Climate denial and covid denial: How conspiracy theorists are changing their focus

An online movement that is infected by pandemic conspiracy theories are shifting their attention and spreading falsehoods about climate.

Climate denial and covid denial: How conspiracy theorists are changing their focus

Matthew believes that two of the most important news stories of today are being manipulated by shadowy forces, and that he is not being told the truth.

He says, "This whole campaign is a propaganda and fear campaign to try and drive an agenda." "It doesn’t matter if it’s climate change, a virus, or anything else."

Matthew is originally from the UK and has lived in New Zealand for 20 years. This country is just one of many that has attempted to eradicate Covid-19 by imposing strict lockdowns.

He was disillusioned with the New Zealand government's approach and turned to social media to find news and community. He joined online groups that were opposed to vaccines or masks, and was exposed to unfounded conspiracy theories about the sinister global plots behind Covid-19.

His involvement in the conspiratorial world has affected his outlook and negatively affected his relationships. Because he is afraid that his partner, who doesn't agree with some of his views, might hear him on a video conference call, he hides at the end his garden.

Recent revelations about Covid and climate change have been made by groups similar to the one he is a member of. He views "Covid" and "climate propaganda" as part the same so-called plot.

The White Rose network

It is part of a larger trend. The anti-lockdown and antivaccine Telegram groups that once focused on the pandemic are now injecting climate change debates with the same conspiracy narratives they used to explain it.

These posts are more than just political criticism and debate. They're full false information, fake stories, and pseudoscience.

Researchers at the Institute for Strategic Dialogue, a think tank that studies global disinformation trends, claim that anti-lockdown groups have been influenced by misleading posts about climate change.

Jennie King, ISD's director of communications, says that Covid-19 terminology is increasingly being used to incite fear and mobilize against climate action.

She claims that this is not about climate change as a policy issue.

"It's because these are really neat vectors for themes like power and personal freedom, agency, loss of traditional lifestyles, and citizen against state - to get all those ideas to an even wider audience."

The White Rose is one group that has taken these ideas to heart - it's a network of subgroups in different parts of the world from the UK to the US, Germany, New Zealand, and other countries. Matthew first came across it.

Matthew clarifies that it is not managed by one or two individuals. It's a decentralised community organization, so you can get stickers and post them on lampposts or other such things.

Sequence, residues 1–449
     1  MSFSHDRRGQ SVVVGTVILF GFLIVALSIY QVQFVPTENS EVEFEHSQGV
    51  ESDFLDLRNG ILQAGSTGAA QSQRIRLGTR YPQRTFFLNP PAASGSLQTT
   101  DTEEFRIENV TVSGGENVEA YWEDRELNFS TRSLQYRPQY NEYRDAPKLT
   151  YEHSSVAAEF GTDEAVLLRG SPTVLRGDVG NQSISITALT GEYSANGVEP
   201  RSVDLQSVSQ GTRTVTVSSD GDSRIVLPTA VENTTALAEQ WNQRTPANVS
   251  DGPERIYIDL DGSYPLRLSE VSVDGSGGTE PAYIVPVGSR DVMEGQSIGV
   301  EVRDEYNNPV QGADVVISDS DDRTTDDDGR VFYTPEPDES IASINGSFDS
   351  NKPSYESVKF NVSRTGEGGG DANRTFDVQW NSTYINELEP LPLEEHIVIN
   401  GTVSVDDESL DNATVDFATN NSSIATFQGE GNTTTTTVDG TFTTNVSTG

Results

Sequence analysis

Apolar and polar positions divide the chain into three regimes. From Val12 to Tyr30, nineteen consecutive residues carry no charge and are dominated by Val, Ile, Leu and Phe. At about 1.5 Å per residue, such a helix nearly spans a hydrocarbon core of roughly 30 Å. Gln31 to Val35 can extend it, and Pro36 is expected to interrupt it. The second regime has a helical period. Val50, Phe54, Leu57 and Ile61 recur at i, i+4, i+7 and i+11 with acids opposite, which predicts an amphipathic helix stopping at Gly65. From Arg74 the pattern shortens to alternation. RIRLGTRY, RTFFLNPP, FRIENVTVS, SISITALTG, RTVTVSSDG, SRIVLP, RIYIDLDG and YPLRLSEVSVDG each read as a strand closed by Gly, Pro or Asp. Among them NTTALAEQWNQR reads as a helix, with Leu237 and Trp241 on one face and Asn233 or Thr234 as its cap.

These stickers feature slogans that are anti-vaxx, anti-mask, and conspiratorial. They include slogans like "Resist The New Normal", "Real Men don't wear masks", and false statements like "There Is No Pandemic". Matthew joined White Rose's local channel after seeing it advertised on a sticker. He now posts the same slogans to lamp posts near his Auckland home.

He mentions "The Great Reset" during our conversation - a conspiracy theory that a global elite uses the pandemic as a means to create a shadowy New World Order that will "super-governance" over the lives of all citizens.

Matthew believes that some theories online are conspiratorial. However, he does believe that there is a "confluence between vested interests and the governments" behind the show.

Matthew is able to see the difference in his views and it's making a significant impact on his life.

He said that he was uncomfortable when his nine-year old daughter did a presentation on climate change at school.

He also regrets his fall into a conspiratorial rabbithole.

He says, "I have been feeling anxious about the world for the past three to four months," he said. "And I often wish I hadn't."

"She's totally off the rails"

Christine sees this from the other end of the coin. She is a Belfast nurse who has been caring for Covid patients.

Her girlfriend believed extreme conspiracy theories about vaccines and Covid-19 during the pandemic. Christine was even part of a conspiracy, she thought. She joined the White Rose channel in her area, just like Matthew. Telegram was contacted by the BBC for comment.

"It's crazy. Christine says it's frightening just before she goes into the hospital to work a night shift.

The false claims of climate change got her girlfriend hooked, and she began posting on Instagram about it repeatedly. Christine ended the relationship after it became so difficult.

"She now believes that climate change is not real, and that all of it is a scheme for depopulation the Earth and to wipe out humankind."

Christine looks in despair.

The new frontline of conspiracy

Researchers have seen this shift from Covid to climate change across many online spaces.

ISD has witnessed this happen in a number of ways, including the "climate lockdown". It refers to the unfounded notion that we may have Covid-style lockdowns in the future to combat climate change.

YouTubers have taken to using the term, but scientists warn that lockdowns are not a good strategy for reducing climate change. For example, covid lockdowns only marginally reduce greenhouse gas emissions.

But, the Covid lockdowns and distress that they caused - along with the falsehoods that have been spread around them – have set the stage for more conspiracies. People have a tendency to blame bad news on the plots of powerful people, rather than accept the truth about the planet's future.

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